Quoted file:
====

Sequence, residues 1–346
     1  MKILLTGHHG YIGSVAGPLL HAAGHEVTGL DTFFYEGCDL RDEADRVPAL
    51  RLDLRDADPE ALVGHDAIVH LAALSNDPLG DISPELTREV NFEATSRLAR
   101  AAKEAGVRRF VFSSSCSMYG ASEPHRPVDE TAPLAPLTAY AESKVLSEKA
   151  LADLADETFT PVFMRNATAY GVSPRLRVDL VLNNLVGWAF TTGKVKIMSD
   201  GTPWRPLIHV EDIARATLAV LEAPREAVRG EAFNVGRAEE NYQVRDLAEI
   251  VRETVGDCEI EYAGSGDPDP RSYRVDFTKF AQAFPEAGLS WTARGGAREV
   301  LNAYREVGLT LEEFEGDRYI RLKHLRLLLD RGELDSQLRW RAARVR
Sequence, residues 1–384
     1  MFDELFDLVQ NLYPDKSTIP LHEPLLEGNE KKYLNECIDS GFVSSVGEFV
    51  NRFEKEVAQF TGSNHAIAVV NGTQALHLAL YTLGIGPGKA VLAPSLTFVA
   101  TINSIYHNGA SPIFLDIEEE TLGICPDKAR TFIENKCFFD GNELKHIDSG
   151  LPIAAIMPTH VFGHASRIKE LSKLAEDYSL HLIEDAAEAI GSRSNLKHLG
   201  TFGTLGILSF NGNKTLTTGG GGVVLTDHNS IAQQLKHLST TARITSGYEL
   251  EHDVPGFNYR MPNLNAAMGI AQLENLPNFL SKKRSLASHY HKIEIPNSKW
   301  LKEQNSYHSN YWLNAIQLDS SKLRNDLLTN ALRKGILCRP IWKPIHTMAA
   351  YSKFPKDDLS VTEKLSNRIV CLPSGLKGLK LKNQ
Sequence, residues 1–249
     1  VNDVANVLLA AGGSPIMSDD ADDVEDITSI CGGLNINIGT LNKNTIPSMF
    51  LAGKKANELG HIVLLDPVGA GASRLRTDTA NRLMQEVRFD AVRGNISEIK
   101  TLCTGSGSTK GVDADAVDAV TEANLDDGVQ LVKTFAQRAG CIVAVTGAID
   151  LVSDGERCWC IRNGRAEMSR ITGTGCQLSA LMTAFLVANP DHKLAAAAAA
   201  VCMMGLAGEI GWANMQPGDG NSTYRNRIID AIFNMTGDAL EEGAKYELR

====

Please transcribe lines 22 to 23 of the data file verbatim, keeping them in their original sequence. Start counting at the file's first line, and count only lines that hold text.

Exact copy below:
   151  LVSDGERCWC IRNGRAEMSR ITGTGCQLSA LMTAFLVANP DHKLAAAAAA
   201  VCMMGLAGEI GWANMQPGDG NSTYRNRIID AIFNMTGDAL EEGAKYELR